Moving on, boy do I love me some stealth. I’m glad that it seems to be getting a lot more attention lately in a lot of different games. While that’s a good thing for me, I’m fairly sure there are some people out there lamenting the same fact. It comes out strong in Horizon though. Had I known about the whistle/lure skill sooner I would have picked it up even sooner. The thing is, the stealth mechanic is pretty overpowered here. While that’s neat in a sense, it also highlights the limitations on AI at this point. While you can whistle and get a human’s and a robot’s attention one would think that the pile of corpses by the tall grass would give anyone pause (unless you’re a robot since they are robots). They do stop at first and gawk at the scene of their fallen buddies, but one more whistle and they simply keep coming, like lambs to the slaughter. Bandit camps and similar strongholds are handled with ease if you pick this route.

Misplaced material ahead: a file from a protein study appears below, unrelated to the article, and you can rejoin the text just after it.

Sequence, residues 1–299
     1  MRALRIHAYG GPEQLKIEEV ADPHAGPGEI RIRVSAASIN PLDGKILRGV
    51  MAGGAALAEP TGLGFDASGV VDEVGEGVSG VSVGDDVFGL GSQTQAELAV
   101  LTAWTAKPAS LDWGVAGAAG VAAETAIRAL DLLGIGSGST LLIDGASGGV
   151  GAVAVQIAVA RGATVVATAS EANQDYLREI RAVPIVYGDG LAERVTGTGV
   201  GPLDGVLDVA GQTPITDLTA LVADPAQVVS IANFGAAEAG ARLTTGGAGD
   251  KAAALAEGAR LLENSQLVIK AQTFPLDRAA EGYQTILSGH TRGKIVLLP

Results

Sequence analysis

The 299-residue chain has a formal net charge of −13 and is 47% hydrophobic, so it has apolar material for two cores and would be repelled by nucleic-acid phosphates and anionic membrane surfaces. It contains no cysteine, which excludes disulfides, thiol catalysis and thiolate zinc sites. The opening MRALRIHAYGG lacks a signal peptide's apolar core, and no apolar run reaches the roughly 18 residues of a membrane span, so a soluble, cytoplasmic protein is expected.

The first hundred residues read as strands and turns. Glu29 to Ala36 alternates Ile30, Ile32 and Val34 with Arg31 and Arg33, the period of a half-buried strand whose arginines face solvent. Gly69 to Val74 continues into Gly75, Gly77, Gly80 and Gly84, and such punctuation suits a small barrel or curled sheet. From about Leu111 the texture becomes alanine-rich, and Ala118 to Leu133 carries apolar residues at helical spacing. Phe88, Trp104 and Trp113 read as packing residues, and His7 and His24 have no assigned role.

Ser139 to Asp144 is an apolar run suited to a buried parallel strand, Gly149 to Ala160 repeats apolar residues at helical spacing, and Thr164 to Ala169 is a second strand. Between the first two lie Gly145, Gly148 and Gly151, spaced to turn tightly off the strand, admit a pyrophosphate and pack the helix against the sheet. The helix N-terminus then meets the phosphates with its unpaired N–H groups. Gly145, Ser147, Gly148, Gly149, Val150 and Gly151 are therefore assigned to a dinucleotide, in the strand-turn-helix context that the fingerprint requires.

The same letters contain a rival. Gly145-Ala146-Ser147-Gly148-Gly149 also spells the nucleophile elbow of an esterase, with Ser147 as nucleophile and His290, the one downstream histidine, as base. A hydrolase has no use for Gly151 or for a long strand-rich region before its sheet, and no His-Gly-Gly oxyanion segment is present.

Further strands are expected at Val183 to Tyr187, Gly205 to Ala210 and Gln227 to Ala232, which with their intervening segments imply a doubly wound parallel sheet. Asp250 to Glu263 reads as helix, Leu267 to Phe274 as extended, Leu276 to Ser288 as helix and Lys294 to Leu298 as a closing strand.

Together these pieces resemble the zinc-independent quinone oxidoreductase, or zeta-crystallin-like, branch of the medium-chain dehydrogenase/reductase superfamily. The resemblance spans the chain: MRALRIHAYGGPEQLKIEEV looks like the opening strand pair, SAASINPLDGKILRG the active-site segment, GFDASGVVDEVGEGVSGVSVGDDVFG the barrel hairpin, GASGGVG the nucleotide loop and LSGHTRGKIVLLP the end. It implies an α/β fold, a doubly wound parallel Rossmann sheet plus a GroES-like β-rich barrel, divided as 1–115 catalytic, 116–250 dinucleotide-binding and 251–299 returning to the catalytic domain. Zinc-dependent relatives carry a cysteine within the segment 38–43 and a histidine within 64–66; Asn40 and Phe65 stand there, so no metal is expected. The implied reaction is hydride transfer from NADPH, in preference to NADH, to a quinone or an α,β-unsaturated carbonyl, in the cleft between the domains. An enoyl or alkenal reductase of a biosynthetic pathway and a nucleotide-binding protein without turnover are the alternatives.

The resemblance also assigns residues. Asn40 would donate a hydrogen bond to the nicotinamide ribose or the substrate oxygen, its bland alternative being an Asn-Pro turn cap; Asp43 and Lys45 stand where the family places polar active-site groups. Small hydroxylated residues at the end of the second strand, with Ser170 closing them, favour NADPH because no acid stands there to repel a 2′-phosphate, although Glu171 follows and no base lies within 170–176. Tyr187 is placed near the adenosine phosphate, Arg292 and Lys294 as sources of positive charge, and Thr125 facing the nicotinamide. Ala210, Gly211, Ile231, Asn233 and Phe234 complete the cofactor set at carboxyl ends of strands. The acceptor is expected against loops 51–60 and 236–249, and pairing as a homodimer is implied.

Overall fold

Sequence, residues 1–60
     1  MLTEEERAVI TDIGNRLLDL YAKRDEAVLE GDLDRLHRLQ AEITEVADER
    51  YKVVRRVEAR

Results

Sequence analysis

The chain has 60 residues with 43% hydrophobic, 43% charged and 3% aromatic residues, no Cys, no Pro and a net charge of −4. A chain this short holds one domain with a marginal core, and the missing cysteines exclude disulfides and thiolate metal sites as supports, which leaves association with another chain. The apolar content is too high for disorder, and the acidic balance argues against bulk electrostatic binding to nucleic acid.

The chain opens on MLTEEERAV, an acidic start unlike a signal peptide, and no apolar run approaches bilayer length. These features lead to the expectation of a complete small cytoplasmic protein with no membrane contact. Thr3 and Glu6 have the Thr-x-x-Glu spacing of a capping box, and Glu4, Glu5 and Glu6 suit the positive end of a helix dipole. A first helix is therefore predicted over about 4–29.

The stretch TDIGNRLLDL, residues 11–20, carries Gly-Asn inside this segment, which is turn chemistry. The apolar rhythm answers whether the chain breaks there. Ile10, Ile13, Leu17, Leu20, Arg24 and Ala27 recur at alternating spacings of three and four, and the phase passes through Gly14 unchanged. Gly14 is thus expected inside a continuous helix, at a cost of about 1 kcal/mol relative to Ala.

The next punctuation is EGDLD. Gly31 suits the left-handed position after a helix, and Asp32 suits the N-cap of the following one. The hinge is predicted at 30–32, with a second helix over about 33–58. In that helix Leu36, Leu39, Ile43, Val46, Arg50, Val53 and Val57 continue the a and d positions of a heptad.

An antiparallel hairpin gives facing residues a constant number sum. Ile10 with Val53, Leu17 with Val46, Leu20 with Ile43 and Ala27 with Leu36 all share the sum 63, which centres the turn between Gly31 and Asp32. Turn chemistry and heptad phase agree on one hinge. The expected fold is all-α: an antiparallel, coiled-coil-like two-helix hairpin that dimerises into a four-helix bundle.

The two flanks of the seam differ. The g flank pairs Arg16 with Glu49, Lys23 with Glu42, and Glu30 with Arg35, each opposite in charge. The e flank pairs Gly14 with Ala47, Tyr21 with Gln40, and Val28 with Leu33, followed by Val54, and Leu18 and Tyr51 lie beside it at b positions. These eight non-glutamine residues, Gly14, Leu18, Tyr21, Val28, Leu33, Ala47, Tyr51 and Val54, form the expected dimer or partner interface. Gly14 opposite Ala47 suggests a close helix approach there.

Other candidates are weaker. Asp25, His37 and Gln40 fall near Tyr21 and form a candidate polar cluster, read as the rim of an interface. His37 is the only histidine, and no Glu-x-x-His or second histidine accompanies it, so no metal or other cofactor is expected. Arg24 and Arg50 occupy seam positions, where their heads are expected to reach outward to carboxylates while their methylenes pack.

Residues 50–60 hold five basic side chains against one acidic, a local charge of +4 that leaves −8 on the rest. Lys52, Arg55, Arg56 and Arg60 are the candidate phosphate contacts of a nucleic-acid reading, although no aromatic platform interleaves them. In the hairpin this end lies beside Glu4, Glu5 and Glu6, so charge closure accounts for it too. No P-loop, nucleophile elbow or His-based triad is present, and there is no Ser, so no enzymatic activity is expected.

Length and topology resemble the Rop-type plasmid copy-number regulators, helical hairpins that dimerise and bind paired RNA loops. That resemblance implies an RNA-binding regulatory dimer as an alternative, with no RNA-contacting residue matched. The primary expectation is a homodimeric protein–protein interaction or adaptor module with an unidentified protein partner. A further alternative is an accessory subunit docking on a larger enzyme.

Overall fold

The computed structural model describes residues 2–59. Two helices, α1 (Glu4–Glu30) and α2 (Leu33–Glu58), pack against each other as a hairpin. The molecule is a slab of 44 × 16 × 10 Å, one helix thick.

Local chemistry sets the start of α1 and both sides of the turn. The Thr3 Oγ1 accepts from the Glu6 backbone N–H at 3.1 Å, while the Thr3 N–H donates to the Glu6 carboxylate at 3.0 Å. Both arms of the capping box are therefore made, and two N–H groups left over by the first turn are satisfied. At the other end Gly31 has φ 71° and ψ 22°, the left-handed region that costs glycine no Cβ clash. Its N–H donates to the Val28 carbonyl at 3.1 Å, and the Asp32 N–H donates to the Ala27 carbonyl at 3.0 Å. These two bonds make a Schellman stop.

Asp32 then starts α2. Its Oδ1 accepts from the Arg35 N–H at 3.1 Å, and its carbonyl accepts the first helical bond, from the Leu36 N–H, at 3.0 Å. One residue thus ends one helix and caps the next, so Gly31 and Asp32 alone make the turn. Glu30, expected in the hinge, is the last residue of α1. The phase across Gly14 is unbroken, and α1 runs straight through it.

What I would have liked to have seen is maybe a necessity to hide bodies like in the Hitman franchise. I think that would have worked out well. If they found a dead body, they would go on to alert the whole compound. It would make it more difficult, for sure, but it would also make more sense. Maybe they would have to find two bodies because of how rough nature is out there, I don’t know. Don’t get me wrong, I used this tactic throughout the entire game because as my children will attest, Daddy loves being a ninja. They even play ninja at church now by crouching and walking all around hiding in spots. Luckily they don’t jump out and stab people yet, I’ll have to keep my eyes on the cutlery (that’s sarcasm as they would only stab bad guys, I trust my girls). Once a bad guy is alerted by seeing a fallen buddy, they should always be alerted. If they thought they saw something, they can just go about their business. That can come later though and I can wait.